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Let's face it: As people make New Year's resolutions, they may be including bucket-list items to accomplish in 2015. Being a patient in a hospital will not be one of them. I had a bucket-list item happen to me in December, and what I learned from it might just contain a lesson or two for healthcare professionals.
Many of you know that in addition to being a healthcare professional, I have been a life-long performer, musician and singer. Thanks to a music-loving mother and father, I grew up like most of my south Philly Italian brethren on the Great American Songbook, the classics sang by Sinatra, Martin, Crosby and so many more. I sang those songs in my house and now sing them for assisted living and nursing home residents.
In bands however, I was a rock and roller, and when I gear up as a solo act outside the long-term care settings, I still am. But I have always dreamed of singing the great songs with a big band. My wish came true Dec. 15.
I discovered the Lake Norman Big Band last September when I took my wife and mom to see them for mom's 93rd birthday. Wow, who knew this 27-piece orchestra existed, let alone played every third Monday in a bowling alley in Mooresville, North Carolina. I saw that they had two female vocalists and at the time no male vocalist. So after the concert I sent the band president a few of my vocal tracks and imposed myself on them so to speak by suggesting that just maybe I could sing with them in the future.
Well, next thing I knew I was rehearsing with them in early December and performed with them twice, singing four songs in their holiday program. Major bucket-list item and honor. Here is what I learned.
By now we're used to and numb to airlines adding fee after fee to drive as much revenue as possible. Booking fees, change fees, premium seat fees, bag fees. Flying used to be a great experience. Now it's a cattle herd. Oh, and don't dare recline that seat!
It seems the hospital industry is following the trend. Witness two articles in The New York Times in the space of a month that essentially amount to cataloging the price gauging taking place in the industry. While the industry talks about cost cutting and the need for it, hospitals not so subtly try to make up reimbursement cuts by creatively finding ways to charge extra and often hidden fees.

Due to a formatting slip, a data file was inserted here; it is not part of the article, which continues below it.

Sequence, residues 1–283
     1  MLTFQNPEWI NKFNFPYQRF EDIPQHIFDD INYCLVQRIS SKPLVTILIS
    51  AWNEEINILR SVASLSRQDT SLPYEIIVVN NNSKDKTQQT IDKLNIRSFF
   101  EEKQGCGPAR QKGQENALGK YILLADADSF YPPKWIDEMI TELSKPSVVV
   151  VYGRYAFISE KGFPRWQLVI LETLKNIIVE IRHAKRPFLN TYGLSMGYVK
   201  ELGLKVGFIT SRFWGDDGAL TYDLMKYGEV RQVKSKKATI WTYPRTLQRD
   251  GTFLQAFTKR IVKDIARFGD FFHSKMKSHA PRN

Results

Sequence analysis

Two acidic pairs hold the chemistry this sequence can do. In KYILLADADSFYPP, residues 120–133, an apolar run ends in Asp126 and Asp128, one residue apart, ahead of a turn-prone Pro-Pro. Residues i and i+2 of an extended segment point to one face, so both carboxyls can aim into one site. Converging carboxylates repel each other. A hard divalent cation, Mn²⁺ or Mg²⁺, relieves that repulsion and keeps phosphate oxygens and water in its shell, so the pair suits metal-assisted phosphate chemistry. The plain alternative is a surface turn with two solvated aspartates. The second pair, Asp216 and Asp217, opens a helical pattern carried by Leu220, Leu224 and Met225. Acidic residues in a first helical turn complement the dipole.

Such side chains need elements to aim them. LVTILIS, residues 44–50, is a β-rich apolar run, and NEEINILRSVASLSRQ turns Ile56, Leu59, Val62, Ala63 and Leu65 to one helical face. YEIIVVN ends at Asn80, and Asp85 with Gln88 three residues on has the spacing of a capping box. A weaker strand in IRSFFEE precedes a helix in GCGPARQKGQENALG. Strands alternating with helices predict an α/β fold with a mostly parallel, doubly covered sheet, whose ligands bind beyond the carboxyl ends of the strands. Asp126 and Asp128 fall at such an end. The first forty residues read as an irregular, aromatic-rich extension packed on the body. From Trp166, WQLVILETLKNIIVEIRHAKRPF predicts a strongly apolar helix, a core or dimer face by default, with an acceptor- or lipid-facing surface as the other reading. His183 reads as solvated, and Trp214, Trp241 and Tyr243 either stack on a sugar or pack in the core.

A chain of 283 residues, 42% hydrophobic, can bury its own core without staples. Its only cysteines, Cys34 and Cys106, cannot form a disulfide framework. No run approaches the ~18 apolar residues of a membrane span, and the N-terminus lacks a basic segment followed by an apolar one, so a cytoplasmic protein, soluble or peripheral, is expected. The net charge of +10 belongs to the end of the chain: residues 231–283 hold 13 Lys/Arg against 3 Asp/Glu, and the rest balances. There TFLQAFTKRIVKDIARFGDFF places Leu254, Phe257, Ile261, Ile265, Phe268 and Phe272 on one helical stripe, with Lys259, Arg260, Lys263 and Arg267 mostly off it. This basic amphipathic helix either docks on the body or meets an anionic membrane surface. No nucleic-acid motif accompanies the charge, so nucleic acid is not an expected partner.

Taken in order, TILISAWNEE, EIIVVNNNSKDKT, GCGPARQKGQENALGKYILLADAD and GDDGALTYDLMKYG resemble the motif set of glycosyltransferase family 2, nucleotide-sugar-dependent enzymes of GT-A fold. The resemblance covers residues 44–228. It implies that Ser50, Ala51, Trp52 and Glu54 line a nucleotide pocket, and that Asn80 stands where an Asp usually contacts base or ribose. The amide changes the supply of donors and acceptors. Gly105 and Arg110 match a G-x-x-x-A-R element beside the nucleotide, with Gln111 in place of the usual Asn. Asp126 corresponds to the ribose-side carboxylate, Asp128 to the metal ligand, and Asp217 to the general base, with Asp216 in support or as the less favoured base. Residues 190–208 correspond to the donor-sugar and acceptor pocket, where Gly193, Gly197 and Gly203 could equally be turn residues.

I met with a colleague last month with whom I'm partnering to create a system that can help organizations monitor and respond to patient and family concerns, questions and compliments in real time using their own devices.
Who wouldn't want that in their organization? Get on top of situations. Promote positive word of mouth. Set up the organization for better HCAHPS responses.
Turns out some organizations want to run the other way.
The platform allows organizations to get data in real time. And with that comes responsibility. The organization must act on it and align their processes and workflows to become a responsive organization. Not every organization is ready to or willing to do this.
For those readers following the black cloud over our family's head this year, you know that my wife's brother and then my sister passed away less than a month apart earlier this year. On Aug. 23, so did my father-in-law, Lou. He was hospitalized July 3 and never made it home. While 51 days of his hospital experience were miserable, the last day of his life was peaceful and dignified.
His last day was spent in hospice, administered in the hospital through a separate company not affiliated with the hospital. The culture difference was glaring. And hospice workers were truly caring.
First, they respected the family's wishes. I married into a large Irish family and there were probably 20 of us around his bed as they withdrew support. Even a cousin from Northern Ireland, a priest, came over and administered last rites. Crowd control was not an issue. The hospice nurse simply let us have our space while she explained necessary information in a respectful manner.
Earlier this year I attended a World Health Care Congress session on employee health. The head of Comcast's human resources spoke. He offered a different perspective on addressing employees' health.
Comcast focuses less on specific programs to promote employee wellness (benefits, wellness centers) and more on the underlying triggers that cause bad health to manifest.
He cited something I hadn't heard of before. It was Eliza Corporation's Engagement Index. This tool examines life context issues while predicting how those issues impact health, spending and satisfaction--ultimately expanding the definition of health.
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